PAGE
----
Renaissance of extractive industries
It could augur well for the future if Uganda's Vice President Gilbert Bukenya means what he says. The revenue accruing from the newly discovered oil deposits in the west of the country, he claims, will be transferred to an account abroad, to be invested in Uganda’s long-term social and economic development. In utilising oil revenues this way – Bukenya said in September – his country would follow the example of Norway.
According to the UN trade organisation UNCTAD, it crucially depends on government action whether mineral resources are a boon for a country or whether they prove a curse, as has been the case in many African countries. Obviously, the business practices of transnational mining and oil companies play a role too, but it matters most that resource-rich countries themselves set clear conditions and create effective monitoring institutions. The renaissance of the mineral resource sector is the special focus of UNCTAD’s World Investment Report 2007. It shows that mining and power accounted for a steadily diminishing percentage of total foreign direct investment (FDI) from the 1970s onwards, but that trend has been reversed since the year 2000 (see chart).
UNCTAD reports that total FDI increased sharply last year, jumping by 38 % to $ 1.3 trillion and getting close to the record $ 1.4 trillion registered in 2000. Inflows into developing countries, at $ 379 billion, have never been higher. In Africa, investment rose by 20 % to twice its 2004 volume – an increase, which the UN experts see as a sign of resurgent interest in mineral resources. However, 90 % of inflows were shared by only 10 countries. Investment in South, East and Southeast Asia also rose by 20 %, with China and Hong Kong leading the field. But according to UNCTAD, India is catching up. In 2006, the country registered as much investment capital as in all three previous years put together. In Latin America, investment inflows stagnated; only Caribbean tax havens registered upturns.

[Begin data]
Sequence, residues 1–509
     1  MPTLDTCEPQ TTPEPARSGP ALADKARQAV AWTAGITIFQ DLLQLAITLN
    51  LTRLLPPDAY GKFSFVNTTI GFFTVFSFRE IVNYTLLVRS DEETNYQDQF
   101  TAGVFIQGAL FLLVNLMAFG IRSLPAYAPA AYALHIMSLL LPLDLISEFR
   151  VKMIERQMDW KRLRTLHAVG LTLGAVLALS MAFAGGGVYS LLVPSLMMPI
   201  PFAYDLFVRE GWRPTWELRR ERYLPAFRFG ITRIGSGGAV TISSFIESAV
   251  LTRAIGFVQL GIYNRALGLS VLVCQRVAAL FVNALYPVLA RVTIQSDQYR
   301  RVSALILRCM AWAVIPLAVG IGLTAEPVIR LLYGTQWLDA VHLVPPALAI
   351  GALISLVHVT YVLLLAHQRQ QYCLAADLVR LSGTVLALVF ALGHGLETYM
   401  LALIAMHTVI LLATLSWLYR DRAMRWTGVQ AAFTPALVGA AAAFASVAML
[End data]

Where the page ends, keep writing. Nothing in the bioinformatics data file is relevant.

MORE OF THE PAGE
By and large, UNCTAD explains the recent rise in investment in the mineral resources sector as a reaction to the increased price of mining products and energy resources. Since 2002, it says, the return on sales for extractive industries has been climbing, it now stands at 27%. In 1990, it was at just 5 %. For resource-rich countries, the boom opens up new sources of revenue – provided they have the mechanisms in place to share in the production companies’ profits. In many poor countries, however, that is not the case. In Mali, for example, UNCTAD reports that the operator of the world’s biggest gold mine, AngloGold Ashanti, handed over the equivalent of 10 % of its net profit in taxes from 2000 to 2003. Zambia’s revenue from copper mining amounted to a mere five percent of total value of copper and cobalt exports in 2005.
In the meantime, a commentator in Uganda’s The Daily Monitor has expressed skepticism about the Vice President’s announcements. The proposal to deposit oil revenues in an account outside the country does not exactly inspire confidence, the writer argues; on the contrary, it shows that the government has no idea how to protect money from thieves. (ell)